A large and growing proportion of adults will have a life-shortening illness for a period of time when care needs are intensive; children are more likely to need long term care often with intensive care episodes. Good palliative care can make a huge difference to the quality of life for people and those who care for them, helping them to live as well as possible and to die with dignity. Anyone requiring palliative and end of life care in Wales should have access to the best possible care. To achieve this, a much broader Programme focus across the spectrum of health and social care and third-sector provision rather than on specialist palliative care services will be required to make this happen as a whole system effort.

There is a need to ensure that equity of palliative and end of life care access is provided for those people who have faced inequality, such as, for example, ethnic minority communities and the LGBQT+ communities and some pathways will need to be reimagined to incorporate more flexibility and innovation to deliver this.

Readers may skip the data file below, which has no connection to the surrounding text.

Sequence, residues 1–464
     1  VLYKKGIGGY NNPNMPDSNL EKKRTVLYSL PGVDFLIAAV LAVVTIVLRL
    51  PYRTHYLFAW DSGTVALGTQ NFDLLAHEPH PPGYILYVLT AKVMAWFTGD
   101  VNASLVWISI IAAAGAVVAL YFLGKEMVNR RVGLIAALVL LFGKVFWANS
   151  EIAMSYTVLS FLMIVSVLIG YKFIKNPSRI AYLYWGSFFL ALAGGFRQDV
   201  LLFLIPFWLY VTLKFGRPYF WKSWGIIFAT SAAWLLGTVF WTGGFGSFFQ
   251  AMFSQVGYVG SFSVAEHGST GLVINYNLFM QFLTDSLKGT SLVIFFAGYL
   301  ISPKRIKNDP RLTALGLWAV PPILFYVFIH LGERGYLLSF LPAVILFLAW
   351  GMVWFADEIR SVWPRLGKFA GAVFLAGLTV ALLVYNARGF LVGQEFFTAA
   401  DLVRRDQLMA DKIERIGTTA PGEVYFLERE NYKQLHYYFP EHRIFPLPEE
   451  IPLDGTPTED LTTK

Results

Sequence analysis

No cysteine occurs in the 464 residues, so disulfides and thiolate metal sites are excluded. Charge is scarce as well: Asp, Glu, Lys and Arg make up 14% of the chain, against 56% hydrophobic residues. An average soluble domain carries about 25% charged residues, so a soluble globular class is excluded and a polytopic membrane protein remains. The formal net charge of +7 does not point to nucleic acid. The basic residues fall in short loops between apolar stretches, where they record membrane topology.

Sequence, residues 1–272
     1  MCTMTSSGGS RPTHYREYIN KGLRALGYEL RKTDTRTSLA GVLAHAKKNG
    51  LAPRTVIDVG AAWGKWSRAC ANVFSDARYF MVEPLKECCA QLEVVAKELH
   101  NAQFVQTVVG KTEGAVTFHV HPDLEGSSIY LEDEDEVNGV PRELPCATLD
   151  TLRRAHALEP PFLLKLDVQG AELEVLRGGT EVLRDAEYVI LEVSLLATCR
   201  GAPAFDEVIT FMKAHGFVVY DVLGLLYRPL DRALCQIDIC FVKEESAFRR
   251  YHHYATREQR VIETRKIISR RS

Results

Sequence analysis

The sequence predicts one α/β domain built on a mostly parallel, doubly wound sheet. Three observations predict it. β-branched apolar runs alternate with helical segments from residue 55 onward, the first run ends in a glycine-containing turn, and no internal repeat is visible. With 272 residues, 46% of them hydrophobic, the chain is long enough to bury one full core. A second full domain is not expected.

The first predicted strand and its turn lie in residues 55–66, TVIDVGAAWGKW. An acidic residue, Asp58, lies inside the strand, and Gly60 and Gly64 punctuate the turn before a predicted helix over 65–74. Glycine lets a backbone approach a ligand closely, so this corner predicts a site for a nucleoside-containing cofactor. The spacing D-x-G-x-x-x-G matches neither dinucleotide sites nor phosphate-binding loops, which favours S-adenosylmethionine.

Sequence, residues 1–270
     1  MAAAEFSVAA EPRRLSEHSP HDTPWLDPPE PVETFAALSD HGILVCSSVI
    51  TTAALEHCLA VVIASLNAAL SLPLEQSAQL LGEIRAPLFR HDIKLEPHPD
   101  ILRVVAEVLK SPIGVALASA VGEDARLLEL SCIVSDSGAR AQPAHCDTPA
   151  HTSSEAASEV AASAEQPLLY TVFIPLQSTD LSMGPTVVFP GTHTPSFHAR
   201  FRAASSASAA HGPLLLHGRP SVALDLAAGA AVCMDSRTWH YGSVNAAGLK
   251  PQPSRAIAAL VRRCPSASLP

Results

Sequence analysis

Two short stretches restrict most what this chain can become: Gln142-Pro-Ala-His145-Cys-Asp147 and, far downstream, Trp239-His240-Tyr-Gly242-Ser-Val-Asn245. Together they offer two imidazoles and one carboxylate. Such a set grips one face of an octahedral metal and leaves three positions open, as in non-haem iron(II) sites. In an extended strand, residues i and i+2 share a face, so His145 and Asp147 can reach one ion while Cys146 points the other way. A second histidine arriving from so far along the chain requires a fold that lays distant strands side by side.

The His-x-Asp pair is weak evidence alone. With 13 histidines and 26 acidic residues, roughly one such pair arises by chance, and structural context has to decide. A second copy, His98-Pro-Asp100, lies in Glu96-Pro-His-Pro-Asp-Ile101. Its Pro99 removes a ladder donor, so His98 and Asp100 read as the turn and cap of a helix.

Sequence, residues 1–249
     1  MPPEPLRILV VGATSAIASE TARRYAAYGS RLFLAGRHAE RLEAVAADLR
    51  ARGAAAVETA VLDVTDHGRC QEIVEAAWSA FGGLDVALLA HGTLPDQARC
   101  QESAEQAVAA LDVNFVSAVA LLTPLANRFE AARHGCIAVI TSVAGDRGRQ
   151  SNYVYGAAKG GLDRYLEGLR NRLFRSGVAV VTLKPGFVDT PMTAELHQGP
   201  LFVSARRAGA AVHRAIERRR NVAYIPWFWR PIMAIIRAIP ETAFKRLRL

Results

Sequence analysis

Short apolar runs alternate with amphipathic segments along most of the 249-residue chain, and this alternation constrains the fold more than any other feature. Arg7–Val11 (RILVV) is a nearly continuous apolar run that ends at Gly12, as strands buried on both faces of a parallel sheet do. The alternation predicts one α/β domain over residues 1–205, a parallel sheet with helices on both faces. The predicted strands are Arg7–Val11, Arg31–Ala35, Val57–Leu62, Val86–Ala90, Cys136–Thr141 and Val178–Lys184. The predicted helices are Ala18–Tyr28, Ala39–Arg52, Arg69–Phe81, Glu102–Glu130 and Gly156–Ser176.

The Welsh Government’s 'More than just words plan' to strengthen Welsh language in health and care services through the ‘active offer’ principle should become an integral part of palliative and end of life care provision. Service providers should build on current best practice and plan, commission and provide care based on this principle.

There is a need to develop greater resilience, coproduction and investment within the work and volunteer forces and unpaid carers. This will be underpinned by a review of the distribution of resources and model utilisation taking into account the current financial and economic environment. The principles of Value Based Health and Care will guide our improvements. Continuous citizen involvement will be at the centre of these improvements using the outcomes that matter to people to ensure the choices made about care design and access to services, are co-produced in line with the principles in 'A Healthier Wales'.